Happy Pest Day… I mean, Groundhog’s Day

February 1, 2016

  There are many meaningful holidays in both the US and the world, ranging from religious ones, such as Easter and Kwanza, to days of remembrance, like Independence Day and Thanksgiving. These important and meaningful holidays, however, are far outnumbered by the irrelevant ones, such as Groundhog’s Day.

  Groundhog’s Day traces its roots back to a Christian Holiday known as Candlemas Day. This was actually an important day, where the clergy would hand out and bless the candles that were needed for the winter. These candles represented how long and cold the winter would be.

  After it started here, the tradition was expanded on by the Germans, who used a hedgehog to determine how long the winter would be. When German immigrants settled in Pennsylvania, they switched to groundhogs, as they were far more plentiful than hedgehogs.

  This is all well and good, but it falls apart when it is tested by actual science. Groundhogs hibernate all winter, and in February, the male groundhogs come out to look for a mate. Afterwards, they go back underground and wake up for good sometime in March.

  Thus, the idea of a predicting the weather is nothing but a foolish superstition.

  Unfortunately, the thousands of people that converge in Punxsutawney, PA, do not understand that they are worshiping a false weather deity. They host a three-day festival every year with entertainment and other activities at Gobbler’s Knob as they wait to see Punxsutawney Phil’s shadow prediction.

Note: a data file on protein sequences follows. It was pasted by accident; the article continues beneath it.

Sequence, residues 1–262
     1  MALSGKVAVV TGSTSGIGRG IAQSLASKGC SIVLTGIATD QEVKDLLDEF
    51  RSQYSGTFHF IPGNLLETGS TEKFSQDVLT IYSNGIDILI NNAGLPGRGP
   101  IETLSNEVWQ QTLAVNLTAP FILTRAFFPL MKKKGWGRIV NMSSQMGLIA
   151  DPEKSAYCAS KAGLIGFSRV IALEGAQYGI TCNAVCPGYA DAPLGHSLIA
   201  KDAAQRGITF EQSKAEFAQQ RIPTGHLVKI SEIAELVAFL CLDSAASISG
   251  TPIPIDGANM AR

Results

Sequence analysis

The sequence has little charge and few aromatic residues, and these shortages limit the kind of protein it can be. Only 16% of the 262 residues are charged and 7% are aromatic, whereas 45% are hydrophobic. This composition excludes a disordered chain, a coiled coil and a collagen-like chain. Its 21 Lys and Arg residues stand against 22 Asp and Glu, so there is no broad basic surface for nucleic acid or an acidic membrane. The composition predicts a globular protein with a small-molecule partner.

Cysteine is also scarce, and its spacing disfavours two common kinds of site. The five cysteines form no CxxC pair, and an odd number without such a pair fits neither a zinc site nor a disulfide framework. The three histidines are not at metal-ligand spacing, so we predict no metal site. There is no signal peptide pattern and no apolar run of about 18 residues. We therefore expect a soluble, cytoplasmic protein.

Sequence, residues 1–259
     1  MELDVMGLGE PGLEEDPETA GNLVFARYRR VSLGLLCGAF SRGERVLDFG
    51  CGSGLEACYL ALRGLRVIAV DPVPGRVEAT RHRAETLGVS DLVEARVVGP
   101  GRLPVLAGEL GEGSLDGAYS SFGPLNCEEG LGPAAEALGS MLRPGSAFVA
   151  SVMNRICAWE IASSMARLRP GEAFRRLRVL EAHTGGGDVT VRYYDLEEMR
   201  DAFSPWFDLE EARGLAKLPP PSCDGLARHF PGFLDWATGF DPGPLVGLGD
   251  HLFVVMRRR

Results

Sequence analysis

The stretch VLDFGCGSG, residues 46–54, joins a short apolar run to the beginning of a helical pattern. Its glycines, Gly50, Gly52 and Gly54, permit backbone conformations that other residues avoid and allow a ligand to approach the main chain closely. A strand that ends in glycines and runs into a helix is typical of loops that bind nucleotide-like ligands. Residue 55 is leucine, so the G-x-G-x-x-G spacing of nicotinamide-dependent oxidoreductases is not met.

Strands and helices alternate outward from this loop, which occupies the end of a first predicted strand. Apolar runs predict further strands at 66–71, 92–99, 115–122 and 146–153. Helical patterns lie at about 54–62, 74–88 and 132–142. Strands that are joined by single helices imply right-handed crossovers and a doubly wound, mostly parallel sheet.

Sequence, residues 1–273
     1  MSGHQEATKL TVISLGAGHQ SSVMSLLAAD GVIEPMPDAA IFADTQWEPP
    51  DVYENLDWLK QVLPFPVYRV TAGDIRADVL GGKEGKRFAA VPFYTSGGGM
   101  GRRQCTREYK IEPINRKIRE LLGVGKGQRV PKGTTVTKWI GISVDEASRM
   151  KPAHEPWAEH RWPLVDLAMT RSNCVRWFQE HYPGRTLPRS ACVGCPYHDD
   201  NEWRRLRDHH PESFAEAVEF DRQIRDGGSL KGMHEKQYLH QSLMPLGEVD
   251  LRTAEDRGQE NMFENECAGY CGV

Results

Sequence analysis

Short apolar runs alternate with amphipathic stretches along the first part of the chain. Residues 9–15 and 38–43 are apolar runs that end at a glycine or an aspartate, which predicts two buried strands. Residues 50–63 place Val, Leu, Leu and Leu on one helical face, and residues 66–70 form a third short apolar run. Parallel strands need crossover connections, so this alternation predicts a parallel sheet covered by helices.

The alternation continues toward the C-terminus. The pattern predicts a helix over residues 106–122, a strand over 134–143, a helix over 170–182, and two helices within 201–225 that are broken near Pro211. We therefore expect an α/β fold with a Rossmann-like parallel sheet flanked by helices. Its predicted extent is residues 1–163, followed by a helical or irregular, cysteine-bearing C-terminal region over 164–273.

This groundhog worship is one of the most foolish celebrations and  is somehow immensely famous. The rodent receives worship for a day and afterward returns to its status of a small, annoying, destructive- with an emphasis on destructive- pest.

  Farmers despise these rodents and have despised them since they existed. A groundhog is an omnivore, but it eats vegetation more than anything else. It particularly enjoys eating crops due to the ease of access.

  This leads to them already being on farmers’ bad sides, and they also destroy farm machinery, break the legs of livestock, drain ponds and undermine building foundations with their burrows, putting them on the hot seat for the wrath of the farmer population.

  So, I ask, why do we celebrate such a destructive and annoying pest? Be it superstition or tradition, it is foolish. If we truly wish to celebrate the original, important holiday it began as, Candlemas, we should do something like light a candle in the window or have a nice candle lit dinner. Down with the false rodent god, and return us to the meaningful, sane holiday known as Candlemas.

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